1:3 Blessed 1 is 2 the God and Father of our Lord Jesus Christ, who has blessed 3 us with every spiritual blessing in the heavenly realms in Christ. 1:4 For 4 he chose us in Christ 5 before the foundation of the world that we may be holy and unblemished 6 in his sight 7 in love. 8
1:10 toward the administration of the fullness of the times, to head up 9 all things in Christ – the things in heaven 10 and the things on earth. 11
1 sn Eph 1:3-14 comprises one long sentence in Greek, with three major sections. Each section ends with a note of praise for God (vv. 6, 12, 14), focusing on a different member of the Trinity. After an opening summary of all the saints’ spiritual blessings (v. 3), the first section (vv. 4-6) offers up praise that the Father has chosen us in eternity past; the second section (vv. 7-12) offers up praise that the Son has redeemed us in the historical past (i.e., at the cross); the third section (vv. 13-14) offers up praise that the Holy Spirit has sealed us in our personal past, at the point of conversion.
2 tn There is no verb in the Greek text; either the optative (“be”) or the indicative (“is”) can be supplied. The meaning of the term εὐλογητός (euloghtos), the author’s intention at this point in the epistle, and the literary genre of this material must all come into play to determine which is the preferred nuance. εὐλογητός as an adjective can mean either that one is praised or that one is blessed, that is, in a place of favor and benefit. The meaning “blessed” would be more naturally paired with an indicative verb here and would suggest that blessedness is an intrinsic part of God’s character. The meaning “praised” would be more naturally paired with an optative verb here and would suggest that God ought to be praised. Pauline style in the epistles generally moves from statements to obligations, expressing the reality first and then the believer’s necessary response, which would favor the indicative. However, many scholars regard Eph 1:3-14 as a berakah psalm (cf. A. T. Lincoln, Ephesians [WBC], 10-11). Rooted in the OT and Jewish worship, berakah psalms were songs of praise in which the worshiper gave praise to God; this would favor the optative (although not all scholars are agreed on this genre classification here; see H. W. Hoehner, Ephesians, 153-59, for discussion and an alternate conclusion). When considered as a whole, although a decision is difficult, the indicative seems to fit all the factors better. The author seems to be pointing to who God is and what he has done for believers in this section; the indicative more naturally fits that emphasis. Cf. also 2 Cor 1:3; 1 Pet 1:3.
3 tn Or “enriched,” “conferred blessing.”
5 tn Grk “in him.”
6 sn The Greek word translated unblemished (ἀμώμους, amwmous) is often used of an acceptable paschal lamb. Christ, as our paschal lamb, is also said to be unblemished (Heb 9:14; 1 Pet 1:19). Since believers are in Christ, God views them positionally and will make them ultimately without blemish as well (Jude 24; Eph 5:27; Col 1:22).
7 tn Grk “before him.”
8 tn The prepositional phrase ἐν ἀγάπῃ (en agaph, “in love”) may modify one of three words or phrases: (1) “chose,” (2) “holy and unblemished,” both in v. 4, or (3) “by predestining” in v. 5. If it modifies “chose,” it refers to God’s motivation in that election, but this option is unlikely because of the placement of the prepositional phrase far away from the verb. The other two options are more likely. If it modifies “holy and unblemished,” it specifies that our holiness cannot be divorced from love. This view is in keeping with the author’s use of ἀγάπη to refer often to human love in Ephesians, but the placement of the prepositional phrase not immediately following the words it modifies would be slightly awkward. If it modifies “by predestining” (v. 5), again the motivation of God’s choice is love. This would fit the focus of the passage on God’s gracious actions toward believers, but it could be considered slightly redundant in that God’s predestination itself proves his love.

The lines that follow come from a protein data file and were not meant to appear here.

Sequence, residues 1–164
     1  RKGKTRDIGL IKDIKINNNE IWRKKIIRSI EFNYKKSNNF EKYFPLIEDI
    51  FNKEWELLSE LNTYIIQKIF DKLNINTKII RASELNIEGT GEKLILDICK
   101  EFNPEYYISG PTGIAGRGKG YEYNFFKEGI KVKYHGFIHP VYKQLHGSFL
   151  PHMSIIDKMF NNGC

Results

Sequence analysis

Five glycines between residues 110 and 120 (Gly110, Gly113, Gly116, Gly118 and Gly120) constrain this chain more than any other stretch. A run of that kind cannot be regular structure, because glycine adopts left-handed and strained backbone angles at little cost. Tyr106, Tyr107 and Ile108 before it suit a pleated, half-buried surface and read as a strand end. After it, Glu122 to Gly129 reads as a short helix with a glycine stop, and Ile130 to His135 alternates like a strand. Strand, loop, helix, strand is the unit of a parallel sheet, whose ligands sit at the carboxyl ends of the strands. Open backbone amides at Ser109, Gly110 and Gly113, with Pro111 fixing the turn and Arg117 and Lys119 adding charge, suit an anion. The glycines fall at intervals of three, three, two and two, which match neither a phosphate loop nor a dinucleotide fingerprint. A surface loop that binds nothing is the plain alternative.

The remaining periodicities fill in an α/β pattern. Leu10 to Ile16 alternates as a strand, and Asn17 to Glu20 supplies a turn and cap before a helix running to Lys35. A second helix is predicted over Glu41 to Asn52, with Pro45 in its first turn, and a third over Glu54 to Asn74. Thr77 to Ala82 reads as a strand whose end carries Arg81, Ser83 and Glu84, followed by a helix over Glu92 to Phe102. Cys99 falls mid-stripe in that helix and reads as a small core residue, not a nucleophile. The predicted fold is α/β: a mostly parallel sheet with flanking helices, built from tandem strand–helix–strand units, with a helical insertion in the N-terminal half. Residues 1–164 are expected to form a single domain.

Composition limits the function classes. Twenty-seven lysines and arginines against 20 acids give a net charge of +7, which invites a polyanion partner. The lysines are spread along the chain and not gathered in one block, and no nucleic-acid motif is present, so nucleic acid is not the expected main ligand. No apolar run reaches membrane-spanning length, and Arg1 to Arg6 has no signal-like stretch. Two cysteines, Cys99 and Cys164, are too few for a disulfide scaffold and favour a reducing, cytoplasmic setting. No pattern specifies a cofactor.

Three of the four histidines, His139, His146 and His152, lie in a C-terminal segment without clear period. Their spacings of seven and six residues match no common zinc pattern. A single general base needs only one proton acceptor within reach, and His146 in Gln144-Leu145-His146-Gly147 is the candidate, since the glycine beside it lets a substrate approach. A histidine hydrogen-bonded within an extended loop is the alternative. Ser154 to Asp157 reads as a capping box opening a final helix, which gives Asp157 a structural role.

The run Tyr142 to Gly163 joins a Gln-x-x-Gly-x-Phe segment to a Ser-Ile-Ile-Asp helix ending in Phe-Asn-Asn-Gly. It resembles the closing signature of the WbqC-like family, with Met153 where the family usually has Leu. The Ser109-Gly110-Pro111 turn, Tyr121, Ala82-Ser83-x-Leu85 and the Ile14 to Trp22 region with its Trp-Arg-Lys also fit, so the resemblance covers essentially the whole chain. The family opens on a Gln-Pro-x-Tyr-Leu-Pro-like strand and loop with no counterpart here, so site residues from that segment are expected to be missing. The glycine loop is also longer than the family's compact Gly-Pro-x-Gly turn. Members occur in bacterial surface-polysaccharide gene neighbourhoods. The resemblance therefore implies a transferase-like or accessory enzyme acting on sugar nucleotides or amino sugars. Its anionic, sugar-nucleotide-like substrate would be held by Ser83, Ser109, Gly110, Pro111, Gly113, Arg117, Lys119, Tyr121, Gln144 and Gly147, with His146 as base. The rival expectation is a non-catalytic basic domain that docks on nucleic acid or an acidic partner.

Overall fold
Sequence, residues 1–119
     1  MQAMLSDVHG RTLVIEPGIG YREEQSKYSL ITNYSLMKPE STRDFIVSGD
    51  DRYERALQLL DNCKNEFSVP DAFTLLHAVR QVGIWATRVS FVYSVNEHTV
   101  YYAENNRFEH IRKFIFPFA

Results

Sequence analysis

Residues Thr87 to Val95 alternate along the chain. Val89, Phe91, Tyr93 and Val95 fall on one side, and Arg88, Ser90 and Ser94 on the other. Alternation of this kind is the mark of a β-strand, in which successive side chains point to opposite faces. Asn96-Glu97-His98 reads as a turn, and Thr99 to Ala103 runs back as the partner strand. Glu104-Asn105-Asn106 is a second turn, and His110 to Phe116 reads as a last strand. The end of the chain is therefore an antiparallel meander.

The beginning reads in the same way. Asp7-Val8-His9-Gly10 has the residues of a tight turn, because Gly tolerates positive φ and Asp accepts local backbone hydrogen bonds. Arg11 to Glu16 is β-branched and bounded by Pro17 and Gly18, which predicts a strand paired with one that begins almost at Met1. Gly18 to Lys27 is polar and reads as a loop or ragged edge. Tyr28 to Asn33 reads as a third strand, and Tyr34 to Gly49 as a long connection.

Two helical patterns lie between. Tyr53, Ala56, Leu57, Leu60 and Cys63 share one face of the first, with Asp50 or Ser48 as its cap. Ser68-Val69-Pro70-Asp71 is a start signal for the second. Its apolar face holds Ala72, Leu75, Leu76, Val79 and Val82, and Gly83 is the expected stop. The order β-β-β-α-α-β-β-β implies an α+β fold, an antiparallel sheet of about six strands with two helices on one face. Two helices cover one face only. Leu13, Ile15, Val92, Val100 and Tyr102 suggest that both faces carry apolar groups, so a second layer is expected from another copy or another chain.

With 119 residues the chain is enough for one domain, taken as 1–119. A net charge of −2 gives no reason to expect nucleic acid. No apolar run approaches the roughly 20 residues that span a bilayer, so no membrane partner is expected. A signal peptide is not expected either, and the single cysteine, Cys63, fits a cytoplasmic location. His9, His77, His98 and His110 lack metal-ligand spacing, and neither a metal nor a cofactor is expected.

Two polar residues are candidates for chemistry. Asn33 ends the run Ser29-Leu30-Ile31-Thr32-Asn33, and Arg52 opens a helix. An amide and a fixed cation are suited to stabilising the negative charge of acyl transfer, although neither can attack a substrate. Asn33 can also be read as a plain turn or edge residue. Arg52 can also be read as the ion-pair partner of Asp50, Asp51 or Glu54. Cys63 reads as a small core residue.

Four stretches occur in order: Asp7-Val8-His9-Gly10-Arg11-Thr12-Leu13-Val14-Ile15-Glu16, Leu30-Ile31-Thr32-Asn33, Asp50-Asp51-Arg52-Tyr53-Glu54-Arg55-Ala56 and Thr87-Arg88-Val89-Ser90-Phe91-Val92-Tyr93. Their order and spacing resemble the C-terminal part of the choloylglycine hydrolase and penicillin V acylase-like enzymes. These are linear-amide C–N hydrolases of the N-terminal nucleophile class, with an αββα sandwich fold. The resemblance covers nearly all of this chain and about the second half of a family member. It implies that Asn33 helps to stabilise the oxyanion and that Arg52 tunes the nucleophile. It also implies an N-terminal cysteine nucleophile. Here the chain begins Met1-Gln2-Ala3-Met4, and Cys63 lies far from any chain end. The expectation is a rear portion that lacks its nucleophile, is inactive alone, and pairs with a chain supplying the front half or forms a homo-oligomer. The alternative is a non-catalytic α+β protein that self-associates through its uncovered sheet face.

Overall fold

9 tn The precise meaning of the infinitive ἀνακεφαλαιώσασθαι (anakefalaiwsasqai) in v. 10 is difficult to determine since it was used relatively infrequently in Greek literature and only twice in the NT (here and Rom 13:9). While there have been several suggestions, three deserve mention: (1) “To sum up.” In Rom 13:9, using the same term, the author there says that the law may be “summarized in one command, to love your neighbor as yourself.” The idea then in Eph 1:10 would be that all things in heaven and on earth can be summed up and made sense out of in relation to Christ. (2) “To renew.” If this is the nuance of the verb then all things in heaven and earth, after their plunge into sin and ruin, are renewed by the coming of Christ and his redemption. (3) “To head up.” In this translation the idea is that Christ, in the fullness of the times, has been exalted so as to be appointed as the ruler (i.e., “head”) over all things in heaven and earth (including the church). That this is perhaps the best understanding of the verb is evidenced by the repeated theme of Christ’s exaltation and reign in Ephesians and by the connection to the κεφαλή- (kefalh-) language of 1:22 (cf. Schlier, TDNT 3:682; L&N 63.8; M. Barth, Ephesians [AB 34], 1:89-92; contra A. T. Lincoln, Ephesians [WBC], 32-33).
10 tn Grk “the heavens.”
11 sn And the things on earth. Verse 10 ends with “in him.” The redundancy keeps the focus on Christ at the expense of good Greek style. Verse 11 repeats the reference with a relative pronoun (“in whom”) – again, at the expense of good Greek style. Although the syntax is awkward, the theology is rich. This is not the first time that a NT writer was so overcome with awe for his Lord that he seems to have lost control of his pen. Indeed, it happened frequently enough that some have labeled their christologically motivated solecisms an “apostolic disease.”